The 84M action is a perennial favorite. The most prominent action feature is the large external claw extractor design of the Mauser M98. The 84M’s claw extractor utilizes controlled round feed (CRF), ensuring that the moment the cartridge leaves the internal magazine it is held snugly against the bolt face until seated in the chamber. Unlike the original Mauser design, the extractor’s edge has a nice bevel that allows the shooter to drop cartridges into the open action and then close the action without damaging the extractor. The bevel allows the extractor to slip easily over the top-loaded cartridge’s case head.
The 84M ejector is also a solid and slender piece of steel that extends along the lower half of the bolt body. As the bolt travels rearward, the ejector moves up into place where the rearward movement of the bolt pulls the fired cartridge into contact with the ejector. Done quickly, an empty case goes flying. A more sedate pace of working the bolt will drop spent cases right next to the rifle.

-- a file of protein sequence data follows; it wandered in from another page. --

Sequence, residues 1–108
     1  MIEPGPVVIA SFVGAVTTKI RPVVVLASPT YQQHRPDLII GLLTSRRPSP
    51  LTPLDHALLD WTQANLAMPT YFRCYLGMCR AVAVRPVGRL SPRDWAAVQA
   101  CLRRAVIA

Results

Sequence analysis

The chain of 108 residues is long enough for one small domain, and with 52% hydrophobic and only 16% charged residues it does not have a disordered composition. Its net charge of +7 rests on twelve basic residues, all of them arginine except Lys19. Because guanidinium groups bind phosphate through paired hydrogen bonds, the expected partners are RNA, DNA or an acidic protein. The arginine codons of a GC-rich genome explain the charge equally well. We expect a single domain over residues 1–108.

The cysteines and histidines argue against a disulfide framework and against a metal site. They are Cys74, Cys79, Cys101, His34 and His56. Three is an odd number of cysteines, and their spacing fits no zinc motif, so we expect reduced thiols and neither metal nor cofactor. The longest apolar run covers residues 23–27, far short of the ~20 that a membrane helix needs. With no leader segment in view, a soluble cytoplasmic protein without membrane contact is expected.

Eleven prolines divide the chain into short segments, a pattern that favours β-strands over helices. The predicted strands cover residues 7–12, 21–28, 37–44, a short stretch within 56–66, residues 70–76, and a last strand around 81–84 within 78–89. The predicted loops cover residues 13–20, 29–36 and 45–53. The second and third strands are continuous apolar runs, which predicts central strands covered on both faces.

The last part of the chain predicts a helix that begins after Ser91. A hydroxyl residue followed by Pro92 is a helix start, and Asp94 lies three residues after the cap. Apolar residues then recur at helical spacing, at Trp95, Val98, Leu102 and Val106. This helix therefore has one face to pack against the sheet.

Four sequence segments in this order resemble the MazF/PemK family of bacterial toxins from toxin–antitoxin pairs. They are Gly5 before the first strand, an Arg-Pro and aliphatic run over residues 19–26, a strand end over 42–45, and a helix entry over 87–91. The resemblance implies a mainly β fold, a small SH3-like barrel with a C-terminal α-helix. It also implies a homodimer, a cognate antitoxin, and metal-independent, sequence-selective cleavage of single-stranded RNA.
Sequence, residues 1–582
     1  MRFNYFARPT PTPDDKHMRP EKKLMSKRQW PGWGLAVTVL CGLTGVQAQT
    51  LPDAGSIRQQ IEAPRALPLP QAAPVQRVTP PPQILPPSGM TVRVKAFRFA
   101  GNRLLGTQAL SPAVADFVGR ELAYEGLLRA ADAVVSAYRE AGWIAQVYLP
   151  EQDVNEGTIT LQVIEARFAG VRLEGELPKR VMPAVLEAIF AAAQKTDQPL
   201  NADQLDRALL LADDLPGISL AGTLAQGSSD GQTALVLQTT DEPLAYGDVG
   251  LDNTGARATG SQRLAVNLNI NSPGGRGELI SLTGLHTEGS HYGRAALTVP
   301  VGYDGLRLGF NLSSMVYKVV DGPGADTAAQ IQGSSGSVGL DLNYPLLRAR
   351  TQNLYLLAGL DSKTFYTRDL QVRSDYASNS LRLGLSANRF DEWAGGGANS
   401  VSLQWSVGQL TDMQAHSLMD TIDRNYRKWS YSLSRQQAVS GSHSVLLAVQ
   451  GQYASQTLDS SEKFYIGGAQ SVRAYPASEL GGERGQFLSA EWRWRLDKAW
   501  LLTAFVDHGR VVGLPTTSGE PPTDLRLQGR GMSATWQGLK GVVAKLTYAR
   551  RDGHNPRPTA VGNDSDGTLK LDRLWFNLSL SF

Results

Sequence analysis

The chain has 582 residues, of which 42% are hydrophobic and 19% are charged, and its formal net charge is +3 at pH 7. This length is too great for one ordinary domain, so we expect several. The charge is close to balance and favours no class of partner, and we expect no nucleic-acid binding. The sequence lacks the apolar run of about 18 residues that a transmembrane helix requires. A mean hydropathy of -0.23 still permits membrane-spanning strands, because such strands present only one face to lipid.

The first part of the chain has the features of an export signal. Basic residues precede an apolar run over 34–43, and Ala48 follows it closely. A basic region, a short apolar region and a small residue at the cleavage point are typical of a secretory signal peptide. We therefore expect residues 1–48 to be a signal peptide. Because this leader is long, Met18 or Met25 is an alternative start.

The safety on the 84M is tough to beat. Based on the Winchester Model 70 design, it sits on the back of the bolt shroud and controls movement of the firing pin instead of trying to manage the trigger’s sear. Since movement of the firing pin is the only way for a rifle to fire, focusing a safety’s efforts there is always wise. The first position is off safe, the second position pulls the pin away from the chamber and the third position secures the firing pin while locking the bolt closed.
The barrel Kimber puts on the Open Country has a heavy contour, but uses deep flutes to trim weight. The combination might sound contradictory, but the contour does an excellent job of putting steel around the chamber where throat erosion occurs. Placing this amount of steel around and just in front of the chamber allows the barrel to absorb throat-destroying heat quickly, mitigating the damaging effects of that heat. The flutes forward of the throat are where Kimber removed a significant amount of weight.
Maintaining the heavy contour for the barrel’s length means that the threaded muzzle has a massive shoulder to support muzzle devices and suppressors. Barrels with light contours don’t offer much of a shoulder to butt-up against, so muzzle devices and suppressors can damage or be damaged by the end of a lightly contoured barrel. The Open Country is a rifle that doesn’t suffer from this issue.
Kimber’s Open Country is a rifle that is meant to be shot just as much as it is carried. Rifles & Glass Columnist Tom Beckstrand spent several days on a summer axis deer hunt in Hawaii to evaluate the Open Country. It performed beautifully.